Bristol-Myers Squibb is among the first pharmaceutical companies to use DNA codes to fight counterfeit drug packaging. For more than a year the company has been labeling anticancer drugs with DNA codes. According to Germany’s identif GmbH a subsidiary of november AG the codes make pharmaceutical packaging “forgery-proof.”
Each code is a unique sequence of synthetic DNA. For a label like the one shown here the DNA is mixed with a clear varnish laid down on the label substrate in one station of a flexo or offset press. The DNA can also be added directly to a folding carton for example by mixing it with the ink sprayed on by an ink-jet printer.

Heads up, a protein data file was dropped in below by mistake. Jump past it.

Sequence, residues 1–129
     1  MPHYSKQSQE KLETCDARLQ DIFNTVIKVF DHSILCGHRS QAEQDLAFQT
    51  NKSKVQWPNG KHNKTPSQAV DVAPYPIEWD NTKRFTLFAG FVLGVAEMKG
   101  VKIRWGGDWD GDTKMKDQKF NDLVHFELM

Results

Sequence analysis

In either case the customer-specific DNA code can be authenticated within seconds by using a hand-held reader like the one shown here. If the reader does not detect the genetic code that is supposed to be on the label or carton a counterfeit has been detected.
New York-based Bristol-Myers Squibb says it will introduce these “genetic fingerprints” for its anticancer drugs and HIV drugs.